Temple Jeremiah


Jeremiah Gems- Dina Jacobs Bauwens

When I heard this year’s theme, “Where Am I and How Did I Get Here” I was moved to take part with my own story. Many of you know that I moved here from California in March, that could be a whole article in and of itself. But you may not know that my family and I faced a much larger move in 1989, from St. Petersburg, Russia to America- by way of Austria and a small resort town HIAS took over in Italy called Ladispil. I was part of the “Let My People Go” Russian Jewry movement. My mom knew from an early age that she did not want to raise a family, a Jewish family, in Russia. They actually applied to emigrate to America long before I was around. But with the Russian (at the time Soviet Union) government slamming the “gates” shut between 1979 and 1989 we were all stuck.

In Russia being Jewish is an identity that is stamped in your library card, written in large letters next to your name in the school classroom roster, a sort of Scarlett Letter we wore from birth. Though our treatment was relatively civilized I definitely have memories of teachers scolding me with anti-Semitic language (“this Jewish girl needs to learn to finish her borscht”), and kids whose parents didn’t want them playing with me. Thanks in large part to the American Jewish community organizing on our behalf, the Soviet Union finally allowed members of the Jewish community to leave. This is part of a much longer story (giving up Russian citizenship, being fired, having to sneak to the airport in the middle of the night and so much more. Maybe I will tell it at a later time.) but the Cliff Notes version is that we were finally able to leave. After spending months in Refugee Camps, waiting to hear our faith, we were finally able to fly to San Jose, California where we had family that had emigrated over a decade earlier. Thanks to HIAS, JCFS, the Jewish Federations, JCCs and caring members of the Jewish community- we were well taken care of.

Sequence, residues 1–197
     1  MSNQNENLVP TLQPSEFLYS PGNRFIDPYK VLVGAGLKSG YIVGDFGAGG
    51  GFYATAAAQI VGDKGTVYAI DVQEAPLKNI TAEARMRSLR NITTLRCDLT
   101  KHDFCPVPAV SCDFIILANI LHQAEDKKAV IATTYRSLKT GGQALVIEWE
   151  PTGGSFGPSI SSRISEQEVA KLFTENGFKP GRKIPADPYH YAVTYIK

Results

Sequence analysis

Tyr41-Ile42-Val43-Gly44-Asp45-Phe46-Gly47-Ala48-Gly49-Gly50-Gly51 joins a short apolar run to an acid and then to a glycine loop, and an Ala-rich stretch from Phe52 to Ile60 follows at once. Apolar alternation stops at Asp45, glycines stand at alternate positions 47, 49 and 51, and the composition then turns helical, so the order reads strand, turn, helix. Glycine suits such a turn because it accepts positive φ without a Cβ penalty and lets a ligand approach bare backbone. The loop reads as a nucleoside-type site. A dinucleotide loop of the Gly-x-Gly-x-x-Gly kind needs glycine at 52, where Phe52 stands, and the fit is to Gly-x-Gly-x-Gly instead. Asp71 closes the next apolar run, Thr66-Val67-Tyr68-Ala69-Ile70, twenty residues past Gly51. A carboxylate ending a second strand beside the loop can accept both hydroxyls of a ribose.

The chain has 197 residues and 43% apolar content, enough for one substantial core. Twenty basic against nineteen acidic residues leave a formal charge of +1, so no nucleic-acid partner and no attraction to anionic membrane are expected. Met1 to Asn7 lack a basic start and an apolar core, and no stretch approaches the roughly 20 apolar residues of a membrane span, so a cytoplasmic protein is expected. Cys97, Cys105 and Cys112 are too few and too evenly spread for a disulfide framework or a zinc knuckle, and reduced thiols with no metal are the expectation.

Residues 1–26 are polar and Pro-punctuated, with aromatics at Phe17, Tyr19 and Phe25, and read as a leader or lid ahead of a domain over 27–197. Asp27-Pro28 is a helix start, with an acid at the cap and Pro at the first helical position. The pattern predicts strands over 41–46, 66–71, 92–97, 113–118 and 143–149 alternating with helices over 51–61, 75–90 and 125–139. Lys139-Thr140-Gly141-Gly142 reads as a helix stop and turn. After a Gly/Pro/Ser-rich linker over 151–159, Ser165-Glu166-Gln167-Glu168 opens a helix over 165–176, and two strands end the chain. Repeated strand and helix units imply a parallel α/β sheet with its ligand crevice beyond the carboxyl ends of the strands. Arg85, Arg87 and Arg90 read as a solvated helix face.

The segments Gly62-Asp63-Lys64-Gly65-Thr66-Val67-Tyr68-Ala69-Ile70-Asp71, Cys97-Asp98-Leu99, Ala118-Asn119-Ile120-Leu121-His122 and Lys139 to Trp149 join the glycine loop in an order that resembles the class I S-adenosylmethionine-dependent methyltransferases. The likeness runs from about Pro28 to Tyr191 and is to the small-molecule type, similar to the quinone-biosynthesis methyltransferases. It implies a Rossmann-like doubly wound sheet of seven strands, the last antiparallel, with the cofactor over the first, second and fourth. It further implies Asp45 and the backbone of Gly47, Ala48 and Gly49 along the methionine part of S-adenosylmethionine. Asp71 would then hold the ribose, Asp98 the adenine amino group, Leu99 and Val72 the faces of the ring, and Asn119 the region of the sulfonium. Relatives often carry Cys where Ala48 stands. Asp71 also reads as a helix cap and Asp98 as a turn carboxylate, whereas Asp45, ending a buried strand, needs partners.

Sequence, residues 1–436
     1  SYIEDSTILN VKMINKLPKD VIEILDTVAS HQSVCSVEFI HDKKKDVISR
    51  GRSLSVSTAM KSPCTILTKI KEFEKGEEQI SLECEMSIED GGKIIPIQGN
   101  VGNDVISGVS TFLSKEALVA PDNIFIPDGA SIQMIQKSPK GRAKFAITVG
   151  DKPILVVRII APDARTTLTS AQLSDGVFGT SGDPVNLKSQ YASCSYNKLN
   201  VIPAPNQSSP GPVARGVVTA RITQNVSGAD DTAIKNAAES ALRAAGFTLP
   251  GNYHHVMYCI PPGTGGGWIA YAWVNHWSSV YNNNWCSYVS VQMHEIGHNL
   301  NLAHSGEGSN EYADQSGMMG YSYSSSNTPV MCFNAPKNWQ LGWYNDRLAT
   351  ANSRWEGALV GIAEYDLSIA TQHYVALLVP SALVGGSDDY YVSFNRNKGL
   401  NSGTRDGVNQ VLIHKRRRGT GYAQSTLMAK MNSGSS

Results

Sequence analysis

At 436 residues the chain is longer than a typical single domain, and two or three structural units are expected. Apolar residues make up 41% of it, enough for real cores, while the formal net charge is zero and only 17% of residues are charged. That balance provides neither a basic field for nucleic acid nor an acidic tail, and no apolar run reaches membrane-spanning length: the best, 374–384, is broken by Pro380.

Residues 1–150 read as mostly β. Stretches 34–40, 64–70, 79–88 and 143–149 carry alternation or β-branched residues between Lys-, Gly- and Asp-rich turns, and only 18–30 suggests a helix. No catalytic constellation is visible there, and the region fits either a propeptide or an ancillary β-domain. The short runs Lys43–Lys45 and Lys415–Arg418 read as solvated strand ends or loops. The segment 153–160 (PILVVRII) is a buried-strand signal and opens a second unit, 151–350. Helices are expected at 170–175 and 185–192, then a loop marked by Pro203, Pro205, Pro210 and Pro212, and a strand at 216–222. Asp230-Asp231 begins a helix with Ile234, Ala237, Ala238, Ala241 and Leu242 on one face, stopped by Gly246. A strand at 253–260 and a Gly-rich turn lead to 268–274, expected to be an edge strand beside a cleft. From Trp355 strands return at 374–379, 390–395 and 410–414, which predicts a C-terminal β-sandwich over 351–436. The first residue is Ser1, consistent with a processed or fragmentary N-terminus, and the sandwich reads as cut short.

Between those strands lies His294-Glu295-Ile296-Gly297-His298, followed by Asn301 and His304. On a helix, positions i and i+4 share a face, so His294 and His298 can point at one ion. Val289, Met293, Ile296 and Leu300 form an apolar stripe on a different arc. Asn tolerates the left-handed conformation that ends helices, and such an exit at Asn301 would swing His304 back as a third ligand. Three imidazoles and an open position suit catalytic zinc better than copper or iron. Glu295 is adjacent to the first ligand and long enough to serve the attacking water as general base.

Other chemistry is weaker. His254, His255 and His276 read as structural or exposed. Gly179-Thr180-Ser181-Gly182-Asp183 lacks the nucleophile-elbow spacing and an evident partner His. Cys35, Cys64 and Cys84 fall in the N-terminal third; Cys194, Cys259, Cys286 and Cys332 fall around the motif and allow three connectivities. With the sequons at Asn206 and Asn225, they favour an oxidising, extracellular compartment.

In June of 1989 I attended a JCC Day Camp and for the first time in my life felt proud to be Jewish. I remember feeling momentarily scared when we all started signing Jewish songs outside, in public, but as I worriedly looked around and realized that no one was looking for us, I smiled. I loved going to Jewish camp. I went every summer, became a CIT, Counselor, and Unit Head, with a few Jewish overnight camp experiences sprinkled in. I joined BBYO and was elected president of my chapter after being encouraged by the chapter advisor to run. I was active in Hillel and AEPhi at UC Santa Barbara. I worked part time for the Santa Barbara JCC, creating their first day camp. After graduation I took positions with Hillel, the Jewish Federation in San Francisco, and the JCC in Palo Alto. I was active as a lay leader, even when my time was precious. And now, as I sit behind my desk at Temple Jeremiah, I smile as I think about my journey. The Russian regime couldn’t attack my Jewish identity, it is a part of my soul; a part that only fights harder when faced with discrimination and bullies. I’m lucky that my parents wanted more for me, that the JCC provided a scholarship for immigrants like me to attend camp, that my BBYO advisor saw leadership potential in me, that my Hillel rabbi created a Jewish environment college students LOVED being a part of, and that I have found a home in my new strange land (the North Shore) with wonderful colleagues and all of you congregants. Thank you!

Dina Jacobs Bauwens
Membership & Communications Coordinator

PS, Dina is already involved as a lay leader in Chicago. She is on the JUF’s Russian Jewish Division’s Advisory Board and on the Host Committee for their first ever Gala, celebrating the 30th anniversary of “Freedom Sunday,” the historic march on Washington, D.C., which helped free millions of Jews from the then-Soviet Union. RJD is hosting a Gala event on November 30th to remember “Freedom Sunday; to celebrate the success of the Soviet Jewish immigrant community in Chicago; and to recognize outstanding leaders in our community. Let Dina know if you would like more information. It is meant to honor anyone who may have played a role in helping the “Let My People Go” campaign in the 70s and 80s.

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